Why don’t more companies use mobile context? Our research tells us it's lack of bandwidth; executing on the basics keeps us busy enough. It’s also hard to do – and most enterprises don’t have the right analytics or metrics in place to measure the impact.

Google rolled out a number of tools/features for developers today to make using context easier. It’s exactly what we need.

Here’s the list:

1)  Geofencing within apps: This allows developers to set up 100 geofenced areas. It will be excellent for local services and smaller brands (plus media companies). Too few for large national brands with hundreds or thousands of locations.

2)  Google Activity: It abstracts the context of walking, running, cycling, making it easier for developers to use motion context.

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Non-US Marketplaces For Brands

Zia Daniell Wigder

I’m currently finishing up my presentation for the Internet Retailer Conference & Expo in June: I’ll be presenting on the non-US marketplace options for brands as part of the global eCommerce track. In preparation for the session, I’ve had a chance to catch up with a number of established global online marketplaces for brands as well as agencies helping to develop some of the marketplace storefronts.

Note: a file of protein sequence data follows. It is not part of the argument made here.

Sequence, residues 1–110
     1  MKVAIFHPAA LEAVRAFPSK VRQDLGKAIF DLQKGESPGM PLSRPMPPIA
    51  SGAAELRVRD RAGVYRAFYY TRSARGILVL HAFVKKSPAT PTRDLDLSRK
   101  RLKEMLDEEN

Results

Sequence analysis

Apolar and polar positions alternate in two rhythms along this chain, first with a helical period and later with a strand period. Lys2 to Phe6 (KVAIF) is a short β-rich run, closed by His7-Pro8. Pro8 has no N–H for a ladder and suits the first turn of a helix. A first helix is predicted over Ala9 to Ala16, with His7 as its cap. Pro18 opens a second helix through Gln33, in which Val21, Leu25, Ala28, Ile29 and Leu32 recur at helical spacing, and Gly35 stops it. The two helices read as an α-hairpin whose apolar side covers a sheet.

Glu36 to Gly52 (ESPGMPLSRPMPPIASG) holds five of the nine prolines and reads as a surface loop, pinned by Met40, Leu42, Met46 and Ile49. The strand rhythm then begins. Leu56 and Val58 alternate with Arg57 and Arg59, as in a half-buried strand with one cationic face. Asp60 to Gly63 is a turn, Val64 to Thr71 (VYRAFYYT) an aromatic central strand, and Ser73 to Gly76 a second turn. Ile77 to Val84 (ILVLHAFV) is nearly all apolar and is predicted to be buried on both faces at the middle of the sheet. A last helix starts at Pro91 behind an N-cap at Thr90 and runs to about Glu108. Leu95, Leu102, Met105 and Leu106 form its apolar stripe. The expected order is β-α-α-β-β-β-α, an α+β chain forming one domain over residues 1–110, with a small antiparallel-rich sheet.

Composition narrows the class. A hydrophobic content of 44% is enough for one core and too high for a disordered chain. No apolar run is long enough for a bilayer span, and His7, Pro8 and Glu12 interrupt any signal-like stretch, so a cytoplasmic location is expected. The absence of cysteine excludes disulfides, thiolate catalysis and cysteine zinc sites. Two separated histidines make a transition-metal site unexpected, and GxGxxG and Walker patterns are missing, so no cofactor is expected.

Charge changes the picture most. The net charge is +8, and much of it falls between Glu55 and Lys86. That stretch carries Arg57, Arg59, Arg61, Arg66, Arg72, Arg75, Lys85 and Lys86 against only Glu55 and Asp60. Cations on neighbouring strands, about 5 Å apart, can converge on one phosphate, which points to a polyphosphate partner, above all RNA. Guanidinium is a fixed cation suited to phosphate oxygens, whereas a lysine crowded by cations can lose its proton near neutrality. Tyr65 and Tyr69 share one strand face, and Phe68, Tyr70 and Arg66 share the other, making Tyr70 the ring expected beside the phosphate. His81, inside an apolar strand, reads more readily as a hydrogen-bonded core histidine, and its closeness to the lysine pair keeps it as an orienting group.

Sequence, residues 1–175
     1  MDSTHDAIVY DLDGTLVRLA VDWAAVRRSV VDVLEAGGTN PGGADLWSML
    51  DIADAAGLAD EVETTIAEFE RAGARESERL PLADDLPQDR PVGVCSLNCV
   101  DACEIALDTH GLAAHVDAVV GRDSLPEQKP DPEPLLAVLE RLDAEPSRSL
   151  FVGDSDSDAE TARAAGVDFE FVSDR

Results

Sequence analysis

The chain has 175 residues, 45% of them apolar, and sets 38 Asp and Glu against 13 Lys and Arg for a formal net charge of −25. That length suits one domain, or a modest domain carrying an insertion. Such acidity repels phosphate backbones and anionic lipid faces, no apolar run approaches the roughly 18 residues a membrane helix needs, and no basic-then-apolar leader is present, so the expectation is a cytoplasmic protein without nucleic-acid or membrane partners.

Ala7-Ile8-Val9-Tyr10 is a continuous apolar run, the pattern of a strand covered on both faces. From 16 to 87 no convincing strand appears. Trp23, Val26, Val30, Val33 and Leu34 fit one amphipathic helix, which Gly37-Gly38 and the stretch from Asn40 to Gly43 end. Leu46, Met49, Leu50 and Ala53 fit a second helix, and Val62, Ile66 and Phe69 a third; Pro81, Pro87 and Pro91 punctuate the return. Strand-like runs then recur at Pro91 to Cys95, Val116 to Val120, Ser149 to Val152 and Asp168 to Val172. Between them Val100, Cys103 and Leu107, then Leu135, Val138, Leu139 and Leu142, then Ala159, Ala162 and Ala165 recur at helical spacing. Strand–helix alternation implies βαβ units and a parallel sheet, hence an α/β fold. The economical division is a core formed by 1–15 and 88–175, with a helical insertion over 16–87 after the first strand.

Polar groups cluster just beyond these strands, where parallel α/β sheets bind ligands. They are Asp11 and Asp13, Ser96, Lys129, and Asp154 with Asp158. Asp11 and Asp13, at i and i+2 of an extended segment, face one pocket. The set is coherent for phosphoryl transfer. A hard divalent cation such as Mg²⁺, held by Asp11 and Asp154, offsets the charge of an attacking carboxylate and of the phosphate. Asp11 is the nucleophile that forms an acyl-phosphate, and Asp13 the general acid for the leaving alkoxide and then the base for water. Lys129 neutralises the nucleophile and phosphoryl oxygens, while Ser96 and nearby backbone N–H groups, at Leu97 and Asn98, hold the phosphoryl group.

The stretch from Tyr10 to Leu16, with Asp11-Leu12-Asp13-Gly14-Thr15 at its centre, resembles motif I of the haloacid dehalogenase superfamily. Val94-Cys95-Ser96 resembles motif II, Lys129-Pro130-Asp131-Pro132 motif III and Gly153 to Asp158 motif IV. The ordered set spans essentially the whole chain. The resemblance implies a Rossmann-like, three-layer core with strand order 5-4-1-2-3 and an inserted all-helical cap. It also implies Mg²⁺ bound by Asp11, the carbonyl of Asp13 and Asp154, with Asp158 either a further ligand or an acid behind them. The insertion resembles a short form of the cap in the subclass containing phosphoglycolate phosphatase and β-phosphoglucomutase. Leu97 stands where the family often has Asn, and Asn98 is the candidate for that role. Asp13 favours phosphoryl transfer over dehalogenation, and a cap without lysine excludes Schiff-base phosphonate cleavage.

While many North American and European brands are familiar with local marketplace players, it’s worthwhile highlighting just a few key marketplace options originating outside of these two regions:

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Time To Start Planning For The Next Generation of Digital Banking

Catherine Graeber

Rising digital customer expectations advances in technology, and continued digital disruption threats from outside the industry will change the game for banks and credit unions.  2013 will be a pivotal year for eBusiness and channel strategy executives to start planning for the next generation of digital banking to both stay relevant to digital customers and thwart disruptors determined to take over those customer relationships.

In my new report, titled "Trends 2013: Five Trends Shaping The Next Generation Of North American Digital Banking," I explore the trends that will power next generation of services that are simple, ubiquitous, empowering, and reassuring.  Here are the key takeaways: